1870s Under Dress
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Crinoline Tournure

Tournure from Harpers Bazar May 1873

          This tournure is made of white crinoline, and is furnished with steel springs.
          It consists of five straight pieces, each four inches and seven-eights wide and fifteen inches and a quarter long, which are pointed on the under end as shown by the illustration, and are furnished on the wrong side through the middle with a narrow steel spring. These pieces are joined on the sides.
          The two outer pieces are joined each with a piece of the requisite length and two inches and a half wide.     
          Gather the tournure five inches and three-quarters from the bottom on the joining seams of the separate parts and on the side edges.
           Bind the under and side edges narrow, and join the upper edge with a box-pleated crinoline ruffle three inches and a quarter wide and a roll of wadding. the latter is furnished with strings at the ends. On the wrong side of the tournure, about four inches and six inches from the bottom ,set horizontal steel springs.

from Harper's Bazar May 17, 1873 pg. 309

Petticoat 1875

Since dresses are made to cling so closely, the white petticoat, after a few hours' wear, becomes so soiled that a lady who is at all neat with regard to her under-clothing, is unwilling to put it on a second time.  To obviate this the white petticoat is now made shorter than the dress, but a white muslin ruffle flounce, a quarter of a yard to three-eighths of a yard in depth, is basted around the bottom of the skirt, inside, and so falls with the dress, which a petticoat does not.  The ruffle can be made of any kind of cambric, not very full, and sewed on a tape.  Strange to say, the ruffle does not seem to catch the dust as much as the longer petticoat did.  We can speak from experience on this subject.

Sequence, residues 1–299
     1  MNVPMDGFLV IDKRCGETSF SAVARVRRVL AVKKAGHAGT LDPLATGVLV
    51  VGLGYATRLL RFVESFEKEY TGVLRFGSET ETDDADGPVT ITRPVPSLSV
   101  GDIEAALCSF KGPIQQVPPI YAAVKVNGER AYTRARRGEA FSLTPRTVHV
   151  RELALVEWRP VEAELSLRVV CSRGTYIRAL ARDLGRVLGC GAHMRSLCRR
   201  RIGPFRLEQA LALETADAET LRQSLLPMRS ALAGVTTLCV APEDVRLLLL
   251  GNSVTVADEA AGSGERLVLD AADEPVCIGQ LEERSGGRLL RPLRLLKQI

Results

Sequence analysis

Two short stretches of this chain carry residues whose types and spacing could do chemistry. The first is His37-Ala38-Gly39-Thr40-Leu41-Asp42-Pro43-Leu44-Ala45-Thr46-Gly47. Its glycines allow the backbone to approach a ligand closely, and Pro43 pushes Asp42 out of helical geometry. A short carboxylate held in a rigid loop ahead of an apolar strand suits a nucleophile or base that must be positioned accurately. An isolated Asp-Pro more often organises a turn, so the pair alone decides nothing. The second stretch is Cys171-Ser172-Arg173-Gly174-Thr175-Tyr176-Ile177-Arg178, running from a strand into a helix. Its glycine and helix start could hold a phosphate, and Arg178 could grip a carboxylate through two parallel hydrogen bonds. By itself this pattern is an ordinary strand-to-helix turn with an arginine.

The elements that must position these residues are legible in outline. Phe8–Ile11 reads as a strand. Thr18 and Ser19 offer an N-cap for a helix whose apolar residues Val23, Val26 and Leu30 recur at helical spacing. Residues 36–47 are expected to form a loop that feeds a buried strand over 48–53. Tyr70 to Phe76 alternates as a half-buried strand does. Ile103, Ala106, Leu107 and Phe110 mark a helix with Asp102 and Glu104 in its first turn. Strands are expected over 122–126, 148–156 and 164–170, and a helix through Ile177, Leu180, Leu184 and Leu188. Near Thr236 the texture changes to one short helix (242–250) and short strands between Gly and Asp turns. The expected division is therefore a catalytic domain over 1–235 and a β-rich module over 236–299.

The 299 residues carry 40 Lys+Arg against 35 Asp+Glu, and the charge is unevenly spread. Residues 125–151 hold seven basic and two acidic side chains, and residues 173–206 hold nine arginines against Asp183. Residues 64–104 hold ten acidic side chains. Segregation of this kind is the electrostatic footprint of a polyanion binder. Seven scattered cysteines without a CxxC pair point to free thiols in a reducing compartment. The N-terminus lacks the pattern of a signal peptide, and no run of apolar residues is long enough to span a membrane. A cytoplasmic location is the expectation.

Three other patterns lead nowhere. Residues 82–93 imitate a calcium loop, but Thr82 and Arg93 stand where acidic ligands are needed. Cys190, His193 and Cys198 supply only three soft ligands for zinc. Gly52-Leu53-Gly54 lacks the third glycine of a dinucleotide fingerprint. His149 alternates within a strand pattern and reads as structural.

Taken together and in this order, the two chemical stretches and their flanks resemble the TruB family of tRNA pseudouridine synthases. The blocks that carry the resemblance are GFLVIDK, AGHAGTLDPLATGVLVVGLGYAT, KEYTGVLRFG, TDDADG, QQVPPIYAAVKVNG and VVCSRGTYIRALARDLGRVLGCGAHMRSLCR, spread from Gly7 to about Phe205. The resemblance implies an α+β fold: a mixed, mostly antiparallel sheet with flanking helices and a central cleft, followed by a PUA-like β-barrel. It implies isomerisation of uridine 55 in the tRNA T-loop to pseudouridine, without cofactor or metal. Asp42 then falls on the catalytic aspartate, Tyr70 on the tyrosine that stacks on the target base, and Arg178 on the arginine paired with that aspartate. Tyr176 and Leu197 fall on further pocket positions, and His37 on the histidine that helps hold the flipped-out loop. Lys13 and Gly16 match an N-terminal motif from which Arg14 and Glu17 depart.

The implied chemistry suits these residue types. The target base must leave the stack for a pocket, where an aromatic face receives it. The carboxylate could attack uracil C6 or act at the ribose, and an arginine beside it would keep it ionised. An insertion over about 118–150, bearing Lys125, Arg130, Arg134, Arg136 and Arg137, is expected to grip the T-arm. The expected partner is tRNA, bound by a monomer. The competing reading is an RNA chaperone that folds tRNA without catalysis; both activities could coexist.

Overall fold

All skirts are drawn as far back as possible, giving an ugly wriggle to a walk, and making sitting down most uncomfortable and often inelegant.  It is rumored that crinoline is to be again worn, but it is only a rumor, for in no respect have we seen and indication of it.  The best French dresses are not drawn back as tightly as those made in this country, and are not so very uncomfortable to wear.

from Peterson's June 1875 pg. 392